Milwaukee skyline
Milwaukee, Wisconsin
Sail Lake Michigan

You will sail the United States’ largest freshwater body, which gave its name to Michigan, one of the four states that border this lake measuring 500 km long and 200 km wide. The first colonists settled in the south at the end of the 17th century, on the site of the current megalopolis of Chicago. Wild landscapes of forests with sparkling colours, cliffs, golden sandy beaches and dunes as far as the eye can see stretch along its 2,600 km of shoreline. In the north, magnificent wind-swept islands rise out of the lake’s emerald waters. At 8 km long, the Mackinac Bridge, which spans the straits between Lake Michigan and Lake Huron, is one of the world’s longest suspension bridges. 

 

Mackinac Island
Mackinac Island
Mackinac Island

Close to the banks of Lake Huron in the State of Michigan, Mackinac Island promises a real journey through time. Originally inhabited by Amerindians, then occupied by French and British colonists, this small island measuring only a few km² still retains an atmosphere of yesteryear today, with its Victorian-style buildings and elegant horse-drawn carriages. Fort Mackinac, on the heights of the island, is a reminder of the conflicts that punctuated the history of this strategic place, a former fur trade centre. In addition to this scenery from the past, the island offers magnificent fine sandy beaches and is home to one of the oldest National Parks in the United States.

 

Sault Ste. Marie

The oldest city in Ontario and the centre of one of North America’s oldest settlements, Sault Ste. Marie has a rich historical heritage due to its Amerindian, British and French influences. Linked to its neighbouring and homonymous American city by a bridge spanning St. Marys River, the city owes its name to the river’s many rapids, called “les saults de Sainte-Marie” by French colonists. The gateway to the Algoma region, renowned for its wild expanses, Sault Ste. Marie is also known as the home of the National Historic Site of the Sault Ste. Marie Canal, which was completed at the end of the 19th century and constitutes the final part of a navigation network that connects the Atlantic Ocean to Lake Superior.

Little Current

A small port town located along the North Channel of Lake Huron, Little Current is considered to be the gateway to Manitoulin Island, the largest freshwater island in the world. The town’s emblematic construction, the Little Current Swing Bridge built in 1913, provides the only land access to the island, peaceful lands whose name means “the island of spirits” in the local dialect. A real haven of peace, sheltering wild nature and some hamlets, the place is ideal for outdoor activities such as horse-riding and hiking.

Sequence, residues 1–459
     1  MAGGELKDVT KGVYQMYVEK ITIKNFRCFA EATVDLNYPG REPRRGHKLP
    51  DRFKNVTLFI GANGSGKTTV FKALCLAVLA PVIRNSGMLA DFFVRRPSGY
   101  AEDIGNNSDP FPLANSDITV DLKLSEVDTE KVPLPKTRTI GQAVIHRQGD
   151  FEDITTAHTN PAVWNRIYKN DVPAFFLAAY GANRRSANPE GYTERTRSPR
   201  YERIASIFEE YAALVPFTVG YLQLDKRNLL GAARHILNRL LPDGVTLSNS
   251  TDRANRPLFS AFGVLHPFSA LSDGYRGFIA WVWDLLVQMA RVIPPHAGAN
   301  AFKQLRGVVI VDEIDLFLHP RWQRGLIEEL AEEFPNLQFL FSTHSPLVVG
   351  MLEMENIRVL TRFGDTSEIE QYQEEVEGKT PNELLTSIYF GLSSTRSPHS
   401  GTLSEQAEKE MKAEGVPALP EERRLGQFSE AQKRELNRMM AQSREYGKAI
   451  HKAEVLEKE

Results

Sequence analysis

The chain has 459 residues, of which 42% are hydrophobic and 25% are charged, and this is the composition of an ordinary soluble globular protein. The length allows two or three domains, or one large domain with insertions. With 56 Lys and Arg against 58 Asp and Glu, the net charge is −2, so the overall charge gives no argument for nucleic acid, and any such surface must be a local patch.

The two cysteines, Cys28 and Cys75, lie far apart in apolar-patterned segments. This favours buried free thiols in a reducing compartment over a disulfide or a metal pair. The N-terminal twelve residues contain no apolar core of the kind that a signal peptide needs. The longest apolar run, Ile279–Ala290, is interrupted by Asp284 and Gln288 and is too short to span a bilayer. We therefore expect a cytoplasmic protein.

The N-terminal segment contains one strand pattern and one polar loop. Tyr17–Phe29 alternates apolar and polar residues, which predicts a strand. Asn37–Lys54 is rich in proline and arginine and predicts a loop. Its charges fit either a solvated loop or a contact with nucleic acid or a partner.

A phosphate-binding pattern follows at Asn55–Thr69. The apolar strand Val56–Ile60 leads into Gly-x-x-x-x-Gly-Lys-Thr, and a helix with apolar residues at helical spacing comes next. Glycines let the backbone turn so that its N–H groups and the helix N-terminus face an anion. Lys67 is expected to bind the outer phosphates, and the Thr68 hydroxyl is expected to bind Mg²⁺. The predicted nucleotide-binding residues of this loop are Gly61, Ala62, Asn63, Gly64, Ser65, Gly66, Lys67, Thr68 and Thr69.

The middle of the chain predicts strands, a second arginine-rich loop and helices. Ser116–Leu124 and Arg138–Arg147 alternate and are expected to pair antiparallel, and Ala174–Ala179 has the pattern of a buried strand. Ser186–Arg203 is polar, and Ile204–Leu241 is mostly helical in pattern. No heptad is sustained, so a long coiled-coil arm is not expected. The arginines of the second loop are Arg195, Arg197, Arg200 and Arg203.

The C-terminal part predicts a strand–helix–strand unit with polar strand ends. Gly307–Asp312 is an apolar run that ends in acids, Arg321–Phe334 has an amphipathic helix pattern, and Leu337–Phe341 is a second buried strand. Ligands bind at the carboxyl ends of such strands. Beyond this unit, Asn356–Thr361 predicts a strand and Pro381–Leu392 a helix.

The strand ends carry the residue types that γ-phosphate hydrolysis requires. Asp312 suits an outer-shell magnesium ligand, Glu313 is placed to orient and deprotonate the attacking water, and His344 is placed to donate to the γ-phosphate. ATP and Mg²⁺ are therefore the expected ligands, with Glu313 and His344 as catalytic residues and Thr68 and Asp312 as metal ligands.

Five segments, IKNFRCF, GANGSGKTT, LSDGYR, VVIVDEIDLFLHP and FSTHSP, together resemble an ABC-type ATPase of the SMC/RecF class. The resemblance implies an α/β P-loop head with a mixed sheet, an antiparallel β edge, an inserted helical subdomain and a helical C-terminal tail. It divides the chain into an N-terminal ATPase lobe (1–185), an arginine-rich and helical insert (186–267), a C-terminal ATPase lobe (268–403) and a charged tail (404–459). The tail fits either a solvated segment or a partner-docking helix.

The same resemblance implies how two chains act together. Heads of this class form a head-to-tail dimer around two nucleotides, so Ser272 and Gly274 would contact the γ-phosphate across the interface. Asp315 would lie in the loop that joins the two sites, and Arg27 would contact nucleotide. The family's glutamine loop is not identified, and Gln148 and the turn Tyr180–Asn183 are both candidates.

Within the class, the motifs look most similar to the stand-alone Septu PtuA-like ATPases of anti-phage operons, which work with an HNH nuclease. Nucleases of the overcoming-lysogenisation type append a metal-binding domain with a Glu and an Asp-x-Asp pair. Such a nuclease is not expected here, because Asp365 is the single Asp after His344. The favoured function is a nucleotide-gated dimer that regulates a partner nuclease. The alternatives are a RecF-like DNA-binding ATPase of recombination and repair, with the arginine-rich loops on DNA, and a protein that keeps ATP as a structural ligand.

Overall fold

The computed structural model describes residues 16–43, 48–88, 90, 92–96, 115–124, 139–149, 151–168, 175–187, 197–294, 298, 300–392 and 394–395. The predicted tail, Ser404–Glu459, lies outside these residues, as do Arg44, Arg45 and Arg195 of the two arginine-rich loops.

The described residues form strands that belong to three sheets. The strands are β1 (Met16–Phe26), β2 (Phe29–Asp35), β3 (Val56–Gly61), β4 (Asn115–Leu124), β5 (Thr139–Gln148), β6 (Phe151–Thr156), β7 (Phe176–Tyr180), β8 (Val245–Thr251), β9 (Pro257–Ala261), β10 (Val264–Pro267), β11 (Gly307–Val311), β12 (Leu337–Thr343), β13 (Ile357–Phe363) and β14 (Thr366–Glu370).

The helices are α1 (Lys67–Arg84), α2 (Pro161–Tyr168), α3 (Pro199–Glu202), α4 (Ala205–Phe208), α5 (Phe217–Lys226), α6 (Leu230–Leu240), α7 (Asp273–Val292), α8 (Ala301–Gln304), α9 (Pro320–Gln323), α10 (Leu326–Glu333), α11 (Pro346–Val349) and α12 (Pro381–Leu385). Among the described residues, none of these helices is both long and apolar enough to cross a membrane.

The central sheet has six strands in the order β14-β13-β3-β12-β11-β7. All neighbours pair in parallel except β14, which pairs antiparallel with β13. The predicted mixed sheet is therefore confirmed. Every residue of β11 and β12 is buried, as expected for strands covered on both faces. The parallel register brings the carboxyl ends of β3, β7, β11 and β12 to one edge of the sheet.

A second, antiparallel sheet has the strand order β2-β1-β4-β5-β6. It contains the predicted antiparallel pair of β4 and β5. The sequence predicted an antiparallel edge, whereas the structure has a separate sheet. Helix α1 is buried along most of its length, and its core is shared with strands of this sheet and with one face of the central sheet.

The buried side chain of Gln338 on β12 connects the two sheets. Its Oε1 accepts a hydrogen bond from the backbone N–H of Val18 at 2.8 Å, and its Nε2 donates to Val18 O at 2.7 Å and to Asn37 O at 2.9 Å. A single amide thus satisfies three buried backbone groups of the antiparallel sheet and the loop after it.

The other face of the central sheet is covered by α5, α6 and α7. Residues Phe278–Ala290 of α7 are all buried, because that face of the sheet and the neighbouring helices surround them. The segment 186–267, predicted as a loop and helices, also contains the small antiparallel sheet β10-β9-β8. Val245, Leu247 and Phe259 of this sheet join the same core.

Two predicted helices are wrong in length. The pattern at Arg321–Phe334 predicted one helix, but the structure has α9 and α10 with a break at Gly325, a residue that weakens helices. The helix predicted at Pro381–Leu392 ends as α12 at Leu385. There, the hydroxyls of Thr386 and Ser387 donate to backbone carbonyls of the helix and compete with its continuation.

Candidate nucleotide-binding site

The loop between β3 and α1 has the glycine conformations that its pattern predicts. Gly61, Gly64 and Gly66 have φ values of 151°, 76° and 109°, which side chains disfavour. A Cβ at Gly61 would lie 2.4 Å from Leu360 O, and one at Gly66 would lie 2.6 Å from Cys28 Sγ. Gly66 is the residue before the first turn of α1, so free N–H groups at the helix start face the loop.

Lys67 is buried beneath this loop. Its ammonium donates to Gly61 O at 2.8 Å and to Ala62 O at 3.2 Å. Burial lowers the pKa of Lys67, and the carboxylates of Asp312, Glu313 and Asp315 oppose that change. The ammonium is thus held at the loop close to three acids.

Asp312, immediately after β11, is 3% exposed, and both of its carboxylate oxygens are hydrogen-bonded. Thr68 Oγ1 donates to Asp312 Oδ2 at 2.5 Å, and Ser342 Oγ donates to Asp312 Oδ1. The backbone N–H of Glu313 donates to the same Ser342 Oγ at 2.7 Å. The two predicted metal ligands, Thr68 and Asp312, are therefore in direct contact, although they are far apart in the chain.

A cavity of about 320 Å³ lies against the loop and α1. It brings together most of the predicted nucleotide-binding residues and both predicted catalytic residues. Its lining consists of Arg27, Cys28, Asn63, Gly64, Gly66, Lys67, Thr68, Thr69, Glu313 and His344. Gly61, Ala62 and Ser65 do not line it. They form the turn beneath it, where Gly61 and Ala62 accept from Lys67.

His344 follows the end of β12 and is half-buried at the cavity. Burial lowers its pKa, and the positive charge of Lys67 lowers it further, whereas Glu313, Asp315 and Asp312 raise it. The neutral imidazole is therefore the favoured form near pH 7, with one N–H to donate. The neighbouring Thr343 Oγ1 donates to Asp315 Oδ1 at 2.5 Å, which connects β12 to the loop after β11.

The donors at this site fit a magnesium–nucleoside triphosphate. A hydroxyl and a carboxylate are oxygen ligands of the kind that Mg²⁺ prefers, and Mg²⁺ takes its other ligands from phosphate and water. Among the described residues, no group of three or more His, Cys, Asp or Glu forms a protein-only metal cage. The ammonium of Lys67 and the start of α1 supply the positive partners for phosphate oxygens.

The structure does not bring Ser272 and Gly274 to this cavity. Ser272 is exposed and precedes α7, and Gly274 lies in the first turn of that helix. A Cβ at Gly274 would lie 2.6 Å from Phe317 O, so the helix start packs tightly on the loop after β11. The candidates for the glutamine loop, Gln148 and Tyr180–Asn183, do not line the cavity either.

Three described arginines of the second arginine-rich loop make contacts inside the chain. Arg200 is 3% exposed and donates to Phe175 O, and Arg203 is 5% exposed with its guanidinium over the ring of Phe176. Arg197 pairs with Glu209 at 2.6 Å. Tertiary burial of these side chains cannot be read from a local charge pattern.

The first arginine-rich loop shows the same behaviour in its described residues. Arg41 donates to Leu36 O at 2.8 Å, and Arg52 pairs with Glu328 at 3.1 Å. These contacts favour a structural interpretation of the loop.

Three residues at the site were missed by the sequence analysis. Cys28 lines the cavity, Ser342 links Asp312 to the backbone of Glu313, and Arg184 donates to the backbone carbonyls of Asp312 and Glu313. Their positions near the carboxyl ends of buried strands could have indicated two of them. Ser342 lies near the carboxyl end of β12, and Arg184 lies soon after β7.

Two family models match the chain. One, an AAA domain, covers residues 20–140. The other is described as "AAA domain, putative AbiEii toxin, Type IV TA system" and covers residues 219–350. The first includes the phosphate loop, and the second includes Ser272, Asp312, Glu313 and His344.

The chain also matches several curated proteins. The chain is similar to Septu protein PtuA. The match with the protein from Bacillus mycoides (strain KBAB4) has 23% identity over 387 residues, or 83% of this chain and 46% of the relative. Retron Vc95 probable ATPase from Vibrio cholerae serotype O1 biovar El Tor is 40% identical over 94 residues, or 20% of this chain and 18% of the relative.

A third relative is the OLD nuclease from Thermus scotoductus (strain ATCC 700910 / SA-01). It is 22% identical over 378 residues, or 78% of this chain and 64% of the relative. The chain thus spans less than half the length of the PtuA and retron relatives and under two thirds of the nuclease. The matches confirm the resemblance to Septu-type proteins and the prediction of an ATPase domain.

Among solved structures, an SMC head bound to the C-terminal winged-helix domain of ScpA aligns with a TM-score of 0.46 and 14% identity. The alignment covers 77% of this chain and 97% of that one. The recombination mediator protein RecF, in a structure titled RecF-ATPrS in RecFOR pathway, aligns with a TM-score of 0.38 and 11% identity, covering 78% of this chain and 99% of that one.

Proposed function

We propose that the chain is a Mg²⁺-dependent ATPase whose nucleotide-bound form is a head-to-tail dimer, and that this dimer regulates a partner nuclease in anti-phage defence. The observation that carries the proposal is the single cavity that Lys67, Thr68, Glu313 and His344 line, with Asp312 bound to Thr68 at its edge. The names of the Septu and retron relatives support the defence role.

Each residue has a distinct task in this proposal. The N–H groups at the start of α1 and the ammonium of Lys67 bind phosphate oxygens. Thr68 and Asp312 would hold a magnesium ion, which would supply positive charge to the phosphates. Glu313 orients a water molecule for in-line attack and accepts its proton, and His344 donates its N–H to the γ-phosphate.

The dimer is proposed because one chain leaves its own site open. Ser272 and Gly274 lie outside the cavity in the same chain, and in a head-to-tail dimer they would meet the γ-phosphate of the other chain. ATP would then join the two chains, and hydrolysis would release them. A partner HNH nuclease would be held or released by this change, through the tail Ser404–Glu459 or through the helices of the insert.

Parry Sound

The charming city of Parry Sound enjoys an exceptional natural setting in the heart of a UNESCO Biosphere Reserve, east of Georgian Bay. A holiday destination favoured by the province’s inhabitants, the city and its surroundings offer a condensed version of all that the Great Lakes region has to offer: windswept forests of conifers, rocky shores characteristic of the Canadian Shield, beaches of fine sand, clear and calm waters producing magnificent reflections that change with the time of day and luminosity… A real paradise for fauna and flora, the place will delight fans of nature and photography. 

 

Parry Sound
Parry Sound
Sailing Along Flowerpot Island

In the heart of Georgia Bay, discover the magnificent coastal landscapes of Flowerpot Island. Surrounded by crystal-clear water, the site is reputed for its sheer cliffs, its dense vegetation, its rare flora, its heritage lighthouse, and its two strange rock formations that look like flowerpots. A result of the actions of the wind and rain, these pillars of stone detached from the coast are one of the site’s curiosities and gave the island its name. Your ship will sail along these coasts and give you the opportunity to take magnificent photos of this island belonging to the Fathom Five National Marine Park, which is Canada’s oldest National Marine Conservation Area.